Holy Crap!

In keeping with my theme of pointing out the oddities associated with religion, I submit to you the latest example of the consequences of following the rules a…little…too…closely.

You’ve heard the phrase “Cleanliness is next to Godliness,” right? Since God or the gods have that whole perfection thing down, they don’t have to worry about all those messy things that make us humans, um, imperfect. So, the logic goes, if God/the gods are exemplars of perfection, to live your life in a physically clean manner means that you’re doing your best to transcend the realm of the body by focusing your mind on those “higher” thoughts that are closer to God. Many of our “root” civilizations have these basic mores embedded into their religious practices, so there’s nothing I’m saying that’s in any way novel or new. But let’s just take one example where a fanatical desire to “be clean” proves to have the opposite effect.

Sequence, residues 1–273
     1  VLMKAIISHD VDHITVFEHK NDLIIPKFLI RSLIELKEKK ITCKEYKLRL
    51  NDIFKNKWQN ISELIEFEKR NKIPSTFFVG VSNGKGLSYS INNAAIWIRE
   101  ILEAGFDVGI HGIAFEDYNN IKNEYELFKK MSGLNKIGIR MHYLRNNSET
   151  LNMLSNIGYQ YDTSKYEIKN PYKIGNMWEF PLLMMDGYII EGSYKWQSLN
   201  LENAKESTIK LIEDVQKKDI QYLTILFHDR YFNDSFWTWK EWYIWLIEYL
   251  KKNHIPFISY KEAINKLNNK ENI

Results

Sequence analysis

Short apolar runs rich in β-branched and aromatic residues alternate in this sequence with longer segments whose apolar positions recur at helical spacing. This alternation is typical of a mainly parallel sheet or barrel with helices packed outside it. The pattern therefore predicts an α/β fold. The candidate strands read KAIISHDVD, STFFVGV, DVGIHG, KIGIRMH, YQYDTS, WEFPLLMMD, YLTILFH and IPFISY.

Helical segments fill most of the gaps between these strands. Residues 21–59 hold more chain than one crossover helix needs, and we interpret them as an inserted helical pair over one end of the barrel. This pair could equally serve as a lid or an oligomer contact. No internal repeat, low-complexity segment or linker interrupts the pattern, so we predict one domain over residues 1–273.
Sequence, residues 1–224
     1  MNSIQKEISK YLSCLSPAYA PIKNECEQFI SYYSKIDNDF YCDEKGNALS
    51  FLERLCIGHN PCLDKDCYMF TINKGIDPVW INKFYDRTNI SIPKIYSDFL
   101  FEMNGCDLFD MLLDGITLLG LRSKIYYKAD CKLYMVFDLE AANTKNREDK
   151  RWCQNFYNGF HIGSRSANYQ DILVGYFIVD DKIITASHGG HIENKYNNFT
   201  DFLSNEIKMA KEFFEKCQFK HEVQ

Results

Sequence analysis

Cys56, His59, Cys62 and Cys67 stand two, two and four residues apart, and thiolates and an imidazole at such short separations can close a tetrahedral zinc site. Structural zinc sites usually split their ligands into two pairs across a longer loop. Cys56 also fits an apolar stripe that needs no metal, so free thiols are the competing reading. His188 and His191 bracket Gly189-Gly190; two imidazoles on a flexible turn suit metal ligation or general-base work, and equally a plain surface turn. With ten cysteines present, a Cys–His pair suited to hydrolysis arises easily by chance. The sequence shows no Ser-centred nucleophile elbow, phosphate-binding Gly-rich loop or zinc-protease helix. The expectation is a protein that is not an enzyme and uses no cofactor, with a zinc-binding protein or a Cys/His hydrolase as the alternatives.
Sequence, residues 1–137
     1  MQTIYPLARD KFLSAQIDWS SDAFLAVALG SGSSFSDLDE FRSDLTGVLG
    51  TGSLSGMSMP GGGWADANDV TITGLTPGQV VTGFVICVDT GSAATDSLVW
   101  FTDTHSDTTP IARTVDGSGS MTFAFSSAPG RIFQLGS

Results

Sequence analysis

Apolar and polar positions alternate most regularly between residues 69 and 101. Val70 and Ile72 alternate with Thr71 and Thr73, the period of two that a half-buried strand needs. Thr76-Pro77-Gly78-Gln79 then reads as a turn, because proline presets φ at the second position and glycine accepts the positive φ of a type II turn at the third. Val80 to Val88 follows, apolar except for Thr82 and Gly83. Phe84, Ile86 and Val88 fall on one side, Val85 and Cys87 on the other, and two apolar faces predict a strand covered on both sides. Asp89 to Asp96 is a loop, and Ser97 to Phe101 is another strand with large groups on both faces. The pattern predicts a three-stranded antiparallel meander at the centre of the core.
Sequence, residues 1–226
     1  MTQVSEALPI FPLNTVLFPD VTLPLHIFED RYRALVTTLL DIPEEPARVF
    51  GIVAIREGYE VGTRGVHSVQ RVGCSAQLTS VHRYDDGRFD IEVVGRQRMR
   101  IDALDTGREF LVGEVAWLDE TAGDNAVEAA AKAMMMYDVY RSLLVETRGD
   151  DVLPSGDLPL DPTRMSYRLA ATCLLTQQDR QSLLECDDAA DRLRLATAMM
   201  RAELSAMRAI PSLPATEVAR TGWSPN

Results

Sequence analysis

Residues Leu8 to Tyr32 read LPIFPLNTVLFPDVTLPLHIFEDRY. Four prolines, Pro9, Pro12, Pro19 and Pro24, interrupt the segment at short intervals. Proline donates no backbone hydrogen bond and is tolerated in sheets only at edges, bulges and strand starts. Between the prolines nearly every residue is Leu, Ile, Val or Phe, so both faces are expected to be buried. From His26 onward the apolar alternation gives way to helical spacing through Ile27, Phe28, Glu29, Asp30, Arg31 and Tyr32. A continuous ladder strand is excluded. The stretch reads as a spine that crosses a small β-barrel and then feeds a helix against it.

Meet The Essenes, the Jewish sect who created the Dead Sea Scrolls!

Alright, it seems that those who established this sect had, shall we say, a very strict form of cleanliness when they had to relieve themselves of their body’s waste. The irony is that in their overwhelming desire to “be clean,” they unwittingly contributed to the early demise of many of their members. Why? Well one can never be 100% sure about these things when it come to history, but one of their rules instructed them to essentially bury their waste in earth away from the settlement.

Okay, digging a hole and taking a crap in it is nothing new, and it doesn’t seem extra clean in any way. But what caused many in this sect to reach the grave early was the washing up process. They were instructed to wash themselves in something called a miqvot. This was a kind of tub where you would have to totally immerse yourself in before returning to the settlement. Any kind of human intestinal parasite would do quite well in the water in the miqvot, and those who took a bath in the tub were exposing themselves to parasites that would enter their body through their mouth, nose, and ears. Consequently, many of the ascetics who lived there and dedicated themselves to a kind of hygiene that was supposed to be “clean” like God where, in a way, doing the opposite. The upshot was if they were trying to get closer to God by denigrating the body in favor of a more spiritual/ascetic life, they sort of got their wish because most of the men died at 40.

Can I just say that I love my shower.


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